Share Facebook Twitter Google + LinkedIn Pinterest The U.S. Environmental Protection Agency (EPA) recently announced the final 2018 Renewable Volume Obligation (RVO) under the Renewable Fuel Standard (RFS).Kevin Skunes, president of the National Corn Growers Association (NCGA), said his organization was generally pleased with the ethanol levels in the announcement.“NCGA is pleased to see the EPA meet the Administration’s commitment to keep the RFS on track when it comes to conventional ethanol. Not only has EPA hit the mark with the 15 billion-gallon implied target, but EPA has also improved on the proposed rule by correctly growing the total 2018 volume from the 2017 level as intended in the RFS,” Skunes said. “This year’s corn crop is bigger than anyone anticipated, resulting in the largest carryover supply in 30 years. Farmers want to rely on the marketplace for their income, and ethanol has been critical in our effort to increase profitable demand for U.S. corn.“While we are concerned that the RVO number for cellulosic ethanol is not set higher than the 2017 volume, we are encouraged EPA raised the level by 50 million gallons above its July proposal. Moving forward, we ask EPA to revisit the growth in cellulosic fuel production, particularly as first-generation ethanol producers expand cellulosic gallons made from feedstocks such as corn kernel fiber.”The numbers also stagnated biodiesel requirements at 2.1 billion gallons, well short of the industry’s capacity. The final RVOs are an improvement over proposed RVOs issued earlier this year, yet they fall short of maintaining Congress’ intent to drive growth in the American biofuels industry, according to National Farmers Union (NFU) President Roger Johnson.“While it’s clear EPA made an attempt to reverse some of their flawed proposals from earlier this year, the improvements to the finalized volume obligations are meager and deeply disappointing. The agency missed a significant opportunity to follow through on the administration’s promises to advance the interests of American family farmers, their communities, and the biofuel industry,” Johnson said. “The RFS was written to promote expanded use of homegrown, renewable biofuels. So long as EPA continues to fail to meet that congressional intent, they’ll continue to shortchange our nation’s family farmers, rural communities, consumers and the environment.”
When you’re just starting out as a filmmaker, an affordable zoom lens can be your best friend. Here are our picks for the best lenses for beginners.For those just diving into the world of filmmaking and video production, a solid zoom lens can be a powerful tool with your digital camera of choice. Unlike fixed, or prime, lenses, a zoom lets you change focal length while remaining stationary. It’s a great choice for documentary and run-and-gun projects when you need to get shots quickly.There are, of course, some high-end options that would be better for professionals looking to make a long term investment. For those just starting off, however, an affordable zoom as your main lens is a great way to go. Let’s look at five options that will help get you started.1. Tamron 17-50mm f/2.8 — $299This is a personal favorite of mine, but only for the right cameras. The Tamron 17-50mm was an ideal choice for my Canon 7D for years, as the crop factor basically pushed the lens to a 26-78mm range. Like many of the options on this list, it’s light, with a lot of plastic, but with powerful results. Its f/2.8 maximum aperture was ideal for run-and-gun filmmaking when I wanted to keep things fast with a beautifully shallow depth of field. (Note: this lens is not compatible with full-frame (35mm size) sensor cameras.)2. Canon 55-250mm f/4-5.6 — $299One of Canon’s most versatile offerings, the EF-S 55-250mm IS STM telephoto lens has a ridiculous focal length, which is great for photography and documentary filmmaking. Its maximum aperture ranges from f/4 to f/5.6, with 3.5 equivalent stops of shake correction in its optical image stabilization technology. The lens, while long, is surprisingly compact and lightweight for run-and-gun filmmaking.3. Nikon 70-300mm f/4-5.6 — $172Similar to Canon’s fantastic offering, Nikon has its own affordable ultra-zoom option with focal length ranges from 70-300mm (or 105-450mm on DX-format cameras). While this lens is mostly marketed at photographers, it is a powerful tool for beginner filmmakers looking to shoot weddings and events or capture footage from afar. It’s a much more affordable option than the industry-standard macro-zooms by Canon (which you can read more about here).4. Panasonic 45-150mm f/4.0-5.6 — $249A strong compatible option for Panasonic’s Lumix GH4, GH5, and GH5s, the Lumix G Vario 45-150mm ASPH is a great zoom lens for any micro four-thirds mirrorless camera. Built as a 45-150mm, the crop equivalent is roughly 90-300mm of focal length range — with its maximum aperture moving from the f/4 to f/5.6 (which is pretty much standard for these budget price points). The lens utilizes Panasonic’s MEGA OIS — optical image stabilization — for sharper imagery when operating handheld or on other run-and-gun rigs.5. Sigma 18-250mm f/3.5-6.3 — $549One of the best options for smaller-sized sensor filmmaking (in this case, designed with Canon’s APS-C sensor and EF mount in mind), Sigma’s 18-250mm lens has got you covered from wide to telephoto. With such a long focal length range (18-250mm), the Sigma stays at four inches long with a maximum aperture that opens up as wide as f/3.5 to f/6.3 at full zoom. Like many offerings on the list, Sigma uses its own image stabilization technology to help with shake when adding movement and motion to your camera.Cover image by lOvE lOvE.For more lenses and gear roundups, check out some of these articles.Understanding Zoom Lenses and How to Use Them ProperlyBuyer’s Guide: The Best Macro Lenses on the MarketDIY Tutorials and Gear Hacks for Filmmakers5 Reasons You Should Purchase a “Nifty Fifty” 50mm LensThe Best Mirrorless Cameras for Filmmakers and Videographers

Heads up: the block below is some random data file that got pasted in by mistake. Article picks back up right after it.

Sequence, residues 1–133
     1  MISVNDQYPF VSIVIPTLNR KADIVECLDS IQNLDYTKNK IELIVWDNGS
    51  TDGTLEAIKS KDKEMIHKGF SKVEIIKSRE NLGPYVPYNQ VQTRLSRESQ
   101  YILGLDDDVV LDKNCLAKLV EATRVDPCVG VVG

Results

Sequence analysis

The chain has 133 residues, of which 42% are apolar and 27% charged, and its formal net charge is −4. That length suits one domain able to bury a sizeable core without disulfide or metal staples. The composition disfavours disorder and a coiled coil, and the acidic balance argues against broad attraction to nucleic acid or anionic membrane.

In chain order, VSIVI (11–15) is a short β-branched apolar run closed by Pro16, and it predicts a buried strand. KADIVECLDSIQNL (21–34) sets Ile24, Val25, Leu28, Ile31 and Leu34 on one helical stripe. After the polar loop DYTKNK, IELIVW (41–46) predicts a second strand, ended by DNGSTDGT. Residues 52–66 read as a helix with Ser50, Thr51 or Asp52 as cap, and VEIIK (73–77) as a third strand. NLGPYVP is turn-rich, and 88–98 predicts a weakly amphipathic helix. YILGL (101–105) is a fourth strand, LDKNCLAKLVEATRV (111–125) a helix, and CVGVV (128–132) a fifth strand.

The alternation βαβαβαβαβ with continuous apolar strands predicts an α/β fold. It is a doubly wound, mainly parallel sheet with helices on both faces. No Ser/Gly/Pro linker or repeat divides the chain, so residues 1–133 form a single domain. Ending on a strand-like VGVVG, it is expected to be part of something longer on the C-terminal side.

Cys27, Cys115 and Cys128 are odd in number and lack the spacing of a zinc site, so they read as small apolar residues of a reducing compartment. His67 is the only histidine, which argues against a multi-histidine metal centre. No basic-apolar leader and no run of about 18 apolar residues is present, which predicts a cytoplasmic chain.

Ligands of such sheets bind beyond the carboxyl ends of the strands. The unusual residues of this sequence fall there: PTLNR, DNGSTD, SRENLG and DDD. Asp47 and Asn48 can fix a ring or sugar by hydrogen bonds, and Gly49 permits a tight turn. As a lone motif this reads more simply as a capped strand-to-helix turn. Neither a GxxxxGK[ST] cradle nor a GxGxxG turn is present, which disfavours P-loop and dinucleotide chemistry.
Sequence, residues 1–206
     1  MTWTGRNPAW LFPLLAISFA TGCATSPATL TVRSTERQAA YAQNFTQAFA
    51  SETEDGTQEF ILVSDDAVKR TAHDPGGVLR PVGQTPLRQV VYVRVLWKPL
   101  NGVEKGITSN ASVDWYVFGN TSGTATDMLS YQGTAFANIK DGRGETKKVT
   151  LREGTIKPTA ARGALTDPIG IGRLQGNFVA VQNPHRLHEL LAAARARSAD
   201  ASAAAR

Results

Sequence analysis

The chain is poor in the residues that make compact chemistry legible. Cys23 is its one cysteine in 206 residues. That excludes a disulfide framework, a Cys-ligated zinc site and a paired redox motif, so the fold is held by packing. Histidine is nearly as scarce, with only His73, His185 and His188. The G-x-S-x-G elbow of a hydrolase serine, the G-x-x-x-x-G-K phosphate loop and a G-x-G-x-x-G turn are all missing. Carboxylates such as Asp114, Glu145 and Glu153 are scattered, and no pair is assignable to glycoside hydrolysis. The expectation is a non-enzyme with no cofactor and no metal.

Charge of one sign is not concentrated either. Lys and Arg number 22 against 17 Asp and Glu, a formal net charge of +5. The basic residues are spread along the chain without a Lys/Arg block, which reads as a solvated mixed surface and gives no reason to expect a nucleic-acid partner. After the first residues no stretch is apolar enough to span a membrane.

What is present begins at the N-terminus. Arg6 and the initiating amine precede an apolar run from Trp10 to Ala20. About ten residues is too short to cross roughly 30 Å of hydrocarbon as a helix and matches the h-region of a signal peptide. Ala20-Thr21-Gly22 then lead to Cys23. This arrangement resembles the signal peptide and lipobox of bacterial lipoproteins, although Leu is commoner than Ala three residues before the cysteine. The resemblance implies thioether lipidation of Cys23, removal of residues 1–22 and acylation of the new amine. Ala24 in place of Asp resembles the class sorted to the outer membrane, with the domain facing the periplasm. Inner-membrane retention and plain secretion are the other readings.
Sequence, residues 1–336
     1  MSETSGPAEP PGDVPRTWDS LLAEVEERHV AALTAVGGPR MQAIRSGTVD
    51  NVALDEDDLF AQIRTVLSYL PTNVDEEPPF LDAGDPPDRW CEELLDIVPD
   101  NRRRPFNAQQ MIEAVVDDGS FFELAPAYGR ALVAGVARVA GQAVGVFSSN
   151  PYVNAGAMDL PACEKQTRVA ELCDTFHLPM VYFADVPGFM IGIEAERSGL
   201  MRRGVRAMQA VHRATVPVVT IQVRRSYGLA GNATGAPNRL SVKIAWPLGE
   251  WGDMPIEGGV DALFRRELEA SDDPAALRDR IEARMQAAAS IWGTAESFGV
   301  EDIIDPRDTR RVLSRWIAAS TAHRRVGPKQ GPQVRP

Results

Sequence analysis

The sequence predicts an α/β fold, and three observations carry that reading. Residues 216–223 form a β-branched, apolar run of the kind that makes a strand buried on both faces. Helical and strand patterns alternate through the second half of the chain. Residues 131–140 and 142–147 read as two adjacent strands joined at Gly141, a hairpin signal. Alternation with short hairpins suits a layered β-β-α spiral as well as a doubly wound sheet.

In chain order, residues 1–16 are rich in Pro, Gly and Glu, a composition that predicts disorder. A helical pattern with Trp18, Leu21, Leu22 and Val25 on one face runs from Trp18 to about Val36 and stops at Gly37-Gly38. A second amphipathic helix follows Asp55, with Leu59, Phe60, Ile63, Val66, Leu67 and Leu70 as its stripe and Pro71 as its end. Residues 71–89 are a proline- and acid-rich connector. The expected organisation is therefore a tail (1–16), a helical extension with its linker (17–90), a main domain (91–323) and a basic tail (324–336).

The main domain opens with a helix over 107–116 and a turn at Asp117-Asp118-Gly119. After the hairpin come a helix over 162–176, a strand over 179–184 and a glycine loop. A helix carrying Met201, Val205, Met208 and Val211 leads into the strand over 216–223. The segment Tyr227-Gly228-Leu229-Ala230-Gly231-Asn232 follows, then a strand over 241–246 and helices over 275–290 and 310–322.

Bihar Chief Minister Nitish Kumar on July 12 told the assembly that his government felt hamstrung when it came to hiking the amount paid to beneficiaries of welfare schemes, a reason why he has been pressing for the special category status.Mr. Kumar also insisted that the State’s per capita income was “significantly lower” than the national average.“You talk about Haryana and Tamil Nadu. While comparing the amount paid (to beneficiaries of social welfare schemes) there, please also look at their per capita income vis–vis ours,” he said.“As a matter of fact, Bihar’s per capita income stands at less than Rs 40,000, which is significantly lower than the national average. This is the primary reason why we seek special status,” Mr. Kumar added, while responding to a calling attention motion introduced by a host of opposition leaders, including veteran Rashtriya Janata Dal (RJD) MLA Abdul Bari Siddiqui. The motion had sought to draw the government’s attention towards the fact that the amount paid under welfare schemes in Bihar was far less than that doled out by the states of Tamil Nadu, Telangana and Andhra Pradesh. For a pension scheme, the amount paid to beneficiaries in the state stood at ₹400 per month, while in Tamil Nadu and Telangana it was ₹1000, in Haryana it was ₹1800 and in Andhra Pradesh ₹2000, it said. Demand for special status for Bihar arose with the creation of Jharkhand in 2000, which deprived the state of its mineral-rich, relatively more industrialized and urbanized southern districts.It grew stronger in 2005 with ascendance to power of Mr. Kumar, who has often made the “special status’ issue a poll plank. After the 14th Finance Commission did away with the provision, the Chief Minister has, on many occasions, urged the Centre to make necessary amendments so that Bihar could get its due.“You (Siddiqui) have served as the state finance minister. I wish you had taken our financial situation into account before raising your question. You are comparing Bihar with states where the per capita income is higher than the national average,” Mr. Kumar said, turning towards the RJD leader.“Moreover, please do keep in mind that Bihar is the first state in the country to have introduced its own universal pension scheme – Mukhyamantri Vriddhajan Pension Yojana,” he added. Unlike other programmes, the pension scheme does not exclude those above the poverty line, he asserted.“All men and women, not drawing any other pension, shall be eligible to receive the benefit. This would put an annual burden of Rs 1800 crore and even though we need funds for development works, we are committed to implementing the scheme,” Mr. Kumar said. Talking to reporters outside the assembly, Mr. Siddiqui, however, appeared dissatisfied with the CM’s reply.“I am glad that the chief minister took seriously the issue raised by me. But his emphasis on the state’s financial situation leaves the basic question raised in our motion unanswered. The state’s budget this year stood at about Rs 2.05 lakh crore. This is a significant rise in comparison with what the size of budget was a few years ago,” he claimed.“There has not been a commensurate rise in the welfare benefits being extended to the vulnerable sections of the society. So, we had sought to know whether these matters were not high on the government’s list of priorities,” Mr. Siddiqui added.